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University of Maryland Dance Ensemble

"Spectator Sport," "You Go When You Can No Longer Stay," "New Girl" and "How Long Brethren"

by Carmel Morgan

December 3, 2007 -- Millennium Stage, The John F. Kennedy Center for the Performing Arts, Washington, DC

The Maryland Dance Ensemble, resident company of the University of Maryland’s dance department, presented a mixed program on December 3, 2007, at the Kennedy Center’s Millennium Stage.  The works were as diverse as  the composition of the company itself.  The talent of the dancers and the strength of the pieces presented varied greatly. 

Most ambitious was “How Long Brethren?”, a reconstruction of a piece that debuted on Broadway in 1937 as part of the WPA Federal Theater and Dance Project. The work, by modern dance pioneer Helen Tamiris, was recreated by  visiting artist Diane McIntyre at the University of Maryland. “How Long Brethren?” demanded that the students explore an emotional range completely unlike other dances on the program.  It is a sober work, connected to the era in which it was made.  Somewhat surprisingly, the young dancers successfully captured the strong message of “How Long.”  Clothed in gray leotards, long skirts and aprons, the company moved in deep knee bends and slow dirge-like steps to songs of unknown Negro laborers in the American South.  From images of picking cotton to hanging from nooses, the dancers moved us with them into a world far removed in time but still close enough in spirit that the dance resonated powerfully. 

In sharp contrast was Joseph Poulson’s “New Girl.”  Poulson’s work didn’t approach a great social statement, but instead seemed a base parody of today’s younger generation.  Unfortunately, the intricate and clever costumes were more interesting than the movement.  The dancers wore an explosion of bold clashing colors and patterns matched by mussed hair.  They looked like feminine versions of the mad hatter with hats replaced by hoodies and pantaloons.  The dancers were sassy and a tad angry.  Between stomps, seemingly pointless running in circles and head tilts, they stood with hands on jutted hips and announced to the audience: “You!”, or “Oh, you!”, or  “You’re still here!”, or simply, “Oh.”  The intended vacuity of the vocal and physical dialogue was perhaps undermined by its simplicity, which brought on less insight and more boredom.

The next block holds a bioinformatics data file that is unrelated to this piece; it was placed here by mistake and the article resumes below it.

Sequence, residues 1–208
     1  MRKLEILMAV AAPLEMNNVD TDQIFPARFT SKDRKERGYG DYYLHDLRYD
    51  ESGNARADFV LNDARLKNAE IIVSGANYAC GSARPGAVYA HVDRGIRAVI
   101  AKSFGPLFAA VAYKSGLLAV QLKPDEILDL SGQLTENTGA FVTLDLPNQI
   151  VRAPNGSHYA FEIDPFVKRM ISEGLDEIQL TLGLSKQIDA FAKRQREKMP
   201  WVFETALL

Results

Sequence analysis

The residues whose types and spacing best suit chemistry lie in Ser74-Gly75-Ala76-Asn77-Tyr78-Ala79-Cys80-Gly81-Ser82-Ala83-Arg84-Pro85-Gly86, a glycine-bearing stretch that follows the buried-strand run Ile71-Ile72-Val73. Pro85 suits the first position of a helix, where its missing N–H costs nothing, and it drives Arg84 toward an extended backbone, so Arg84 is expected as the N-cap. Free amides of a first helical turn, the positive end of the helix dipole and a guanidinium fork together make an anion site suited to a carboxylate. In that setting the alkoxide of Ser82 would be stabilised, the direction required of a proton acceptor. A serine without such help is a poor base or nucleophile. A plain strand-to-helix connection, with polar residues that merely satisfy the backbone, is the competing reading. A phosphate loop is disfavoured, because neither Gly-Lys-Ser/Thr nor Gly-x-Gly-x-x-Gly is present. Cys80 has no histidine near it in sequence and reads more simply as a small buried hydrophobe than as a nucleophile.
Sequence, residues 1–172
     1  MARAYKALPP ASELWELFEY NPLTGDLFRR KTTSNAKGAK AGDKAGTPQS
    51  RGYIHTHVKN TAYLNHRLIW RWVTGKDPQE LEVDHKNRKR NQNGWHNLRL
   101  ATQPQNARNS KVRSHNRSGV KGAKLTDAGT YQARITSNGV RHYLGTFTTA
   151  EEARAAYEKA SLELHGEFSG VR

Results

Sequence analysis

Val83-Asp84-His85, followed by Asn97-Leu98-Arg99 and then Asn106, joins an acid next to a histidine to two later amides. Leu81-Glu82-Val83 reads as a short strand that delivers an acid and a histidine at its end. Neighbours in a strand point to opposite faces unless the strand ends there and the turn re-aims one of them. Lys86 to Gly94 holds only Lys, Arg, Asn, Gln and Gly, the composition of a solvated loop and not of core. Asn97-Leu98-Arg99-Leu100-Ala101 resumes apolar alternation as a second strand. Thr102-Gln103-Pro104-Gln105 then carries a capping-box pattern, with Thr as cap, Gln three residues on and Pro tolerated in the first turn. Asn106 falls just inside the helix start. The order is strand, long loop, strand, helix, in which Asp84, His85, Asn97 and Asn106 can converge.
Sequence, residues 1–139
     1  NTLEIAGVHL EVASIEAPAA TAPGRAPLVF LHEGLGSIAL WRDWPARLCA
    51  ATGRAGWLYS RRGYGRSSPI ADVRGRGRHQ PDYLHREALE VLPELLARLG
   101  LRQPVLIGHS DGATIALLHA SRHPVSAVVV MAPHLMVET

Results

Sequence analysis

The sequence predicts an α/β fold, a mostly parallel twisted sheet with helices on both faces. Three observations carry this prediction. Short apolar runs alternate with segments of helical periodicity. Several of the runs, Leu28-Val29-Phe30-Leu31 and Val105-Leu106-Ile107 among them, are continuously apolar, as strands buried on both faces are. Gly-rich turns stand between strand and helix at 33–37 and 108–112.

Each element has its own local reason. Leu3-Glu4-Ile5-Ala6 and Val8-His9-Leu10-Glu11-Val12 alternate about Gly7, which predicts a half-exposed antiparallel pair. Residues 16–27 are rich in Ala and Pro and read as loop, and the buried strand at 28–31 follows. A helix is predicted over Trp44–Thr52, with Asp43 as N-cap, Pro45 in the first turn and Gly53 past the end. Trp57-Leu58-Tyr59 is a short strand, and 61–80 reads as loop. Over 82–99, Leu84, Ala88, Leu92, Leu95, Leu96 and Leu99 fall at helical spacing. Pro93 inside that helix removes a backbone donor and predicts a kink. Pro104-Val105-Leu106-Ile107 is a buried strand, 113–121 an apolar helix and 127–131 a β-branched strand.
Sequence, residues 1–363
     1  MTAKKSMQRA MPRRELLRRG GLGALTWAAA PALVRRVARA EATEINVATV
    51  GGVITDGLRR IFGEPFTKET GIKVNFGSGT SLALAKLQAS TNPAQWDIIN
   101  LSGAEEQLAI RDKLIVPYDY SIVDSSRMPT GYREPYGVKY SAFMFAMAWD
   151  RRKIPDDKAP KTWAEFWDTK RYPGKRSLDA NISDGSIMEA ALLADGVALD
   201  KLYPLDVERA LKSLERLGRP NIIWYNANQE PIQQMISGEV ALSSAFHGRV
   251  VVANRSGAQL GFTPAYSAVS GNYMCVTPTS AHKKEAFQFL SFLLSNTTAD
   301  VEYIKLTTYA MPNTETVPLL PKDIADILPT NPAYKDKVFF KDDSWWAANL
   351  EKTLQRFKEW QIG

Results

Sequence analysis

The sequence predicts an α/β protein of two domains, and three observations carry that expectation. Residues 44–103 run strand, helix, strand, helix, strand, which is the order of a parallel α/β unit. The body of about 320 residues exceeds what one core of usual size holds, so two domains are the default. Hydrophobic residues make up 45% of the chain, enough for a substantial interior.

Monica Bill Barnes’ work, “Spectator Sport,” began with a crowd of dancers in boxing stances.  The music of Frank Sinatra and Dean Martin, entertainers who at one time dueled against one another for popularity, provided the score.  In work-out wear and taped hands the dancers rocked, dodged and sparred with invisible partners.  Later, in photo perfect poses, they became couples mugging with exhausted, slightly pained smiles.  “Specatator Sport” ended with high kicks and skippity jumps, the dancers’ arms raised in victory before stumbling backwards.  More than a physical challenge, “Spectator” was clearly a theatrical hurdle for the company. 

Joseph Poulson, a guest artist at the University of Maryland for the current semester, performed “You Go When You Can No Longer Stay,” a solo choreographed by Terry Creach, who is on the faculty of Bennington College and who directs New York City-based Creach/Company.  Poulson, clad in white, became a screen for a projected video by Sue Rees. A virtual dancer in white emanated from Poulson’s core, dancing right atop his stomach as he stood still.  The virtual dancer spinning within the live dancer was a bit disorienting. “You Go” was full of visual surprises, primarily coming from the incorporation of video, and yet it was ultimately uninspiring. While the piece strove to understand the nature of missing a partner, it was hard to join in the mourning. 

The Maryland Dance Ensemble’s show did not carry the voltage of a professional show, but it certainly highlighted important features in the University’s development of the professional dancers of tomorrow. The company’s deliberate reflection on the past, present and future of modern dance is laudable.


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